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I know that you can sniff data which is transferred over wifi. Can you do that with broadband (wired)? And how can you secure the network, so nobody could sniff data both over wifi, and broadband?

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It depends on the broadband technology being used. Generally, for most residential fiber and cable systems, about 32 or so houses share the same passive distribution network. As such, the information coming from the ISP goes to all 32 customers and the cable modem filters down the information for each customer. Using a hacked cable modem, it is possible to monitor all the traffic coming from the ISP, but it may or may not be encrypted depending on how the ISP is configured.

Similarly, traffic going to the ISP is moving in the wrong direction and can't be easily detected by other customers.

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@evening - you lost me now. If you are asking about people on a wired network within the home network, a good switching based router should isolate each system and only pass along information that needs to go to each IP internally. As long as it isn't going through any hubs (which send to all connections) you should be fine internally. –  AJ Henderson Sep 13 '13 at 19:10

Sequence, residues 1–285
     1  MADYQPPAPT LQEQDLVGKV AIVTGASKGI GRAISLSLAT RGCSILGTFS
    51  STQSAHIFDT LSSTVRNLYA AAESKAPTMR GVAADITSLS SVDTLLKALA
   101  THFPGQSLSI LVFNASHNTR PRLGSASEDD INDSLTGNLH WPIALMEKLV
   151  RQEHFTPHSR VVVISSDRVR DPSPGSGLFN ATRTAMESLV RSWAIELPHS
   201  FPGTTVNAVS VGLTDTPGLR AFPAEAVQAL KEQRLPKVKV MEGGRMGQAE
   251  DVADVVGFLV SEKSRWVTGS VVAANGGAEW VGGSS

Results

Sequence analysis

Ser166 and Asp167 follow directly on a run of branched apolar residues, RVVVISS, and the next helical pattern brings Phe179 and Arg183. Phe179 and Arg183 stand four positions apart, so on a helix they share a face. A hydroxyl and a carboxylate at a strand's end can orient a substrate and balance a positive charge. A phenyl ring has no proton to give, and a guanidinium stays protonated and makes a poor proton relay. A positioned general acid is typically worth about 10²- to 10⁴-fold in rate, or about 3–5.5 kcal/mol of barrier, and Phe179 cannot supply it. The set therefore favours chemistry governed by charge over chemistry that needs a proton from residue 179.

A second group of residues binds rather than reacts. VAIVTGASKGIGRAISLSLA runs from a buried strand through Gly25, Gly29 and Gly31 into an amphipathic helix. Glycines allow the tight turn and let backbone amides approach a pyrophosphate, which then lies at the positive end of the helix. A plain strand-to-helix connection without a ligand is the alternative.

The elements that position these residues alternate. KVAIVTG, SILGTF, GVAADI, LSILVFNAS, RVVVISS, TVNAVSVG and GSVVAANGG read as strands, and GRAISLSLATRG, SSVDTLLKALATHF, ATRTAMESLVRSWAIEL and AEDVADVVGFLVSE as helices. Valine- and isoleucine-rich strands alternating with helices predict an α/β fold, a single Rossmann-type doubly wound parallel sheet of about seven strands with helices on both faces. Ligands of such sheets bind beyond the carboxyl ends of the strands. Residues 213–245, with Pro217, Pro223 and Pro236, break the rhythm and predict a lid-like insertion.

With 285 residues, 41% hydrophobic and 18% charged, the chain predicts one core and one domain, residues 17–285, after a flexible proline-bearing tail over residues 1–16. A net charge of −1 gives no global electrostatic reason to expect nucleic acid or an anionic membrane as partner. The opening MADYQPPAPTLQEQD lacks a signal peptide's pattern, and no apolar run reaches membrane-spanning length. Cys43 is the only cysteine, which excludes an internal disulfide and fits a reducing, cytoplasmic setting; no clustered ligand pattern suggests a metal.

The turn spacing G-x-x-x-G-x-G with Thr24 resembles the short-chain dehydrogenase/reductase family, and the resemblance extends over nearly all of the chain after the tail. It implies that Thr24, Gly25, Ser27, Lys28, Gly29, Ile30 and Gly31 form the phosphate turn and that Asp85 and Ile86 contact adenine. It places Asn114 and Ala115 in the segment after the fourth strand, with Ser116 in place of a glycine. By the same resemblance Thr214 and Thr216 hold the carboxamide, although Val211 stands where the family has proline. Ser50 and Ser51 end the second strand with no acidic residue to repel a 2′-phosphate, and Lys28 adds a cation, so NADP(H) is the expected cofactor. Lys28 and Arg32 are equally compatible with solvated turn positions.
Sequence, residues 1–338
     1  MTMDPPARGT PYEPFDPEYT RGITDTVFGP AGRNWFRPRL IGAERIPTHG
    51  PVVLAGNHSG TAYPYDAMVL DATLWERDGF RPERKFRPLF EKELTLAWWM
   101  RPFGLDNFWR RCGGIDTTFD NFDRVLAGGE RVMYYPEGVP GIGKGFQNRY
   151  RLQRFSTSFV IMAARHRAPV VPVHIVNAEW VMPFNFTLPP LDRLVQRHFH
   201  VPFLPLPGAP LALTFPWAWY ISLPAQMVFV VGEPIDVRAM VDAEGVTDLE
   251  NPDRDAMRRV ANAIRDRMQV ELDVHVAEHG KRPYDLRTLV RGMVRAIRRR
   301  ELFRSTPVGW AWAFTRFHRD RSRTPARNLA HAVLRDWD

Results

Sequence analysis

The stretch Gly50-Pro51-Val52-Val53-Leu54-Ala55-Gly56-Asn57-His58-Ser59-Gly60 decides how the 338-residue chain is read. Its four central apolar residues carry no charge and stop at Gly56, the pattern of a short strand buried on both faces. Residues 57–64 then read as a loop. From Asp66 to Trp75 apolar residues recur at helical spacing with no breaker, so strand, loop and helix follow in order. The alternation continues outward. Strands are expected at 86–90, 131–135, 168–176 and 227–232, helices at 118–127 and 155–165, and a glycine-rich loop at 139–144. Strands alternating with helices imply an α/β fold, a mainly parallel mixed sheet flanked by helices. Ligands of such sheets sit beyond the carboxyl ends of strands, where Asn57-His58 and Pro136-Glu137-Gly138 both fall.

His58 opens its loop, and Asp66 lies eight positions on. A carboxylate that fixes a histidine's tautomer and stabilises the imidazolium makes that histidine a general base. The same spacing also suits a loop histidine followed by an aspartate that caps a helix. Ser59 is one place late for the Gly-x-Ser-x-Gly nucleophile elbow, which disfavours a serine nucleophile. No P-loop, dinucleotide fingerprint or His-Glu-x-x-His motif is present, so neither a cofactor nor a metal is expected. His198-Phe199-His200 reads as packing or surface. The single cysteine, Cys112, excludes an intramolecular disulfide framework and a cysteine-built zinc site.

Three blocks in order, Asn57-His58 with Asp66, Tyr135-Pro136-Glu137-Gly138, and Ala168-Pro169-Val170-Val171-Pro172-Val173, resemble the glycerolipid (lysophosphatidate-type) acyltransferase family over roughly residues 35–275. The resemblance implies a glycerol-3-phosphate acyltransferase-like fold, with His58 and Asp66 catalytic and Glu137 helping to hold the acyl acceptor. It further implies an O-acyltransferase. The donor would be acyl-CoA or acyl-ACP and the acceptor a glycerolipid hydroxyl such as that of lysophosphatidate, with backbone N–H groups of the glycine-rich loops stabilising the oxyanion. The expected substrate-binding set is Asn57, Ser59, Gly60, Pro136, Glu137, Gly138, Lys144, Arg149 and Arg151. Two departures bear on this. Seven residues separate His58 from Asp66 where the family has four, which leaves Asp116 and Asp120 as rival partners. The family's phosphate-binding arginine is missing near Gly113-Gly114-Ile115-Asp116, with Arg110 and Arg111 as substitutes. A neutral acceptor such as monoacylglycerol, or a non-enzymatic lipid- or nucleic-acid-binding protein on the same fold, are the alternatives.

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If your home router has a switch built in (as most do) then people on port 1 cannot directly read the traffic bound for port 2. That doesn't mean a clever person couldn't do all sorts of tricks to make it possible, but you know your housemates better than we do. –  John Deters Sep 13 '13 at 19:27
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@evening - you can make it so that wifi uses different encryption per connection, but this requires user level accounts for connecting to the wireless and the use of the enterprise levels of WPA or similar. It is also non-trivial to setup. With a common password, anyone with access to the network will be able to get at the contents of everyone else (on the wireless network)'s packets as they go across the wireless network. –  AJ Henderson Sep 13 '13 at 19:49
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@evening - it is probably your easiest bet for a wireless connection if you don't trust the other people on the wireless network, but at that point it brings up the question, why are they on your wireless network. –  AJ Henderson Sep 13 '13 at 20:04
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@evening - wireless encryption I already answered. Encryption won't protect you from other people who are legitimately on the network unless you use enterprise level encryption (which is hard to setup) and authentication just establishes that people should be able to be on the network. –  AJ Henderson Sep 13 '13 at 21:14
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